Saturday, May 16, 2009

Landscape - Lace Bugs

Start looking for lace bugs in the landscape at this time. The following is information on lace bugs, plants attacked, damage done, and controls.

Lace bug activity has begun in Delaware and a great way to minimize the damage they cause is to control first generation nymphs or the overwintered adults as they resume feeding. Hawthorn lace bugs feed on hawthorn, cotoneaster, quince, crabapple, mountain ash, and pyracantha. Azalea lace bugs tend to feed on evergreen ornamental shrubs and oak lace bugs feed on different species of oak trees. The first generation of azalea lace bugs nymphs is active from 240 561 [318 peak] GDD and the 50 peak of adults is between 2802 3418 GDD . Overwintering 50 hawthorn lace bug adults begin feeding in the spring at 196 472 [349 peak] GDD or when Lagerstroemia indica is at the leaf bud 50 break phenological stage. Oak, sycamore, and azalea lace bugs may have two to three generations a year.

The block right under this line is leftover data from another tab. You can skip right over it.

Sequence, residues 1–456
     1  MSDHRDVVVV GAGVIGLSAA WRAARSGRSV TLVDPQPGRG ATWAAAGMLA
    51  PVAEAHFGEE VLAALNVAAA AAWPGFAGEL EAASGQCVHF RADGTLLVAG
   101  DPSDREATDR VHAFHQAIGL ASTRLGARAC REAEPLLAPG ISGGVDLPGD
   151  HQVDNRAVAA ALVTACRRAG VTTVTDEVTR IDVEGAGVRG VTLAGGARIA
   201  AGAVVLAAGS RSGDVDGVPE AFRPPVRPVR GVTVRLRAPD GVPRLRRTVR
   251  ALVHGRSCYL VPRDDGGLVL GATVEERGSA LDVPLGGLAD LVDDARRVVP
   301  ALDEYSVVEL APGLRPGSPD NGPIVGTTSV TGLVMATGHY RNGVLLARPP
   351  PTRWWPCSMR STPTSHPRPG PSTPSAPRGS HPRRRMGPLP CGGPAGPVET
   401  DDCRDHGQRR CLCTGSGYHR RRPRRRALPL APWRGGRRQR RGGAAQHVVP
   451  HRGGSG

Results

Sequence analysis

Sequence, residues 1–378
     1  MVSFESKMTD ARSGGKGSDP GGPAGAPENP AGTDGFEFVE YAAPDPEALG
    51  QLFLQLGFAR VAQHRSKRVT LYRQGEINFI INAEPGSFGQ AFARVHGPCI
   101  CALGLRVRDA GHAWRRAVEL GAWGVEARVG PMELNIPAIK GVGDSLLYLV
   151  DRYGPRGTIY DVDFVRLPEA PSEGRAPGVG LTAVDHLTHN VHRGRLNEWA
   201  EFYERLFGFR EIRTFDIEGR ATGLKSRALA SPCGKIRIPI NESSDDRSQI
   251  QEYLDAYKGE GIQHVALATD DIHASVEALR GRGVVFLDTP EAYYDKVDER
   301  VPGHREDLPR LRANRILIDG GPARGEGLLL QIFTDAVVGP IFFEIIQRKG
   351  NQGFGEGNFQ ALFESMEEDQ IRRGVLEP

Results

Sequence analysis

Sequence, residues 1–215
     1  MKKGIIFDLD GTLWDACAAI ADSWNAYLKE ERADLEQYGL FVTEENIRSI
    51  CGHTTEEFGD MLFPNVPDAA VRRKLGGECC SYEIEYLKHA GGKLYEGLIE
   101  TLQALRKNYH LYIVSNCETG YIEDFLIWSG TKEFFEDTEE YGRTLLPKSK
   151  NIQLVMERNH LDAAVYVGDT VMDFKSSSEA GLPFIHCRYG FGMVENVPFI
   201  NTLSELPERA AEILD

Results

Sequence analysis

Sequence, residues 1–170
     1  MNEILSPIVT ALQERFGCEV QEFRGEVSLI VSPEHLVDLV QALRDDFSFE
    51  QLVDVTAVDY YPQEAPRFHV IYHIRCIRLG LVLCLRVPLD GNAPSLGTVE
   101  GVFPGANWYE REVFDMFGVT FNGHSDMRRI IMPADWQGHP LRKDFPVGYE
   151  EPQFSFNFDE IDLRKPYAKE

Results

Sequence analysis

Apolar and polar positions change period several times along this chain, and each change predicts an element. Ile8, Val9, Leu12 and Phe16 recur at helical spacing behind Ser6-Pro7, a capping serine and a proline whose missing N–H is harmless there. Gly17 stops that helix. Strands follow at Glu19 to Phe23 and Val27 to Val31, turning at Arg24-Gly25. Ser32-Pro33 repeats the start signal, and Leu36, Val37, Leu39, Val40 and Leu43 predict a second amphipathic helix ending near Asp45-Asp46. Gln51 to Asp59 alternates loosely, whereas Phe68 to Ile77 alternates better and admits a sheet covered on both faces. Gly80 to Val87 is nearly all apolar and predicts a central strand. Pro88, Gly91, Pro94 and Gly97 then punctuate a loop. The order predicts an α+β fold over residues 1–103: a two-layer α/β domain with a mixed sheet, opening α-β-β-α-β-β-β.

Lace bugs are usually found on the underside of leaves and they suck out plant juices with piercing mouthparts. Their feeding also kills nearby cells causing yellowish flecks on the upper leaf surface which coalesce into large bronze-colored patches. High populations may damage plants enough to cause premature leaf drop. Small lacelike adults may be difficult to see; an easier method to verify the presence of this pest is the fecal matter, which appears as shiny black spots called tar or resin spots. Lace bug nymphs are not lacelike, but are spiny and usually dark brown to black.

Horticultural oil or insecticidal soap applications must contact the insects; thus spray the underside of leaves. Both of these products have low impact on the natural enemies attacking lace bugs. Heavy infestations may require the use of products such as acephate, carbaryl, cyfluthrin, imidacloprid and pyrethrin. Plants with a history of mite problems should not use imidacloprid as a treatment.

Azalea lace bug adult. Photo from Pest and Diseases Image Library,

Lace bug damage on azalea. Photo by Whitney Cranshaw, Colorado State University,

Information from Brian Kunkel, Ornamental IPM Specialist, UD

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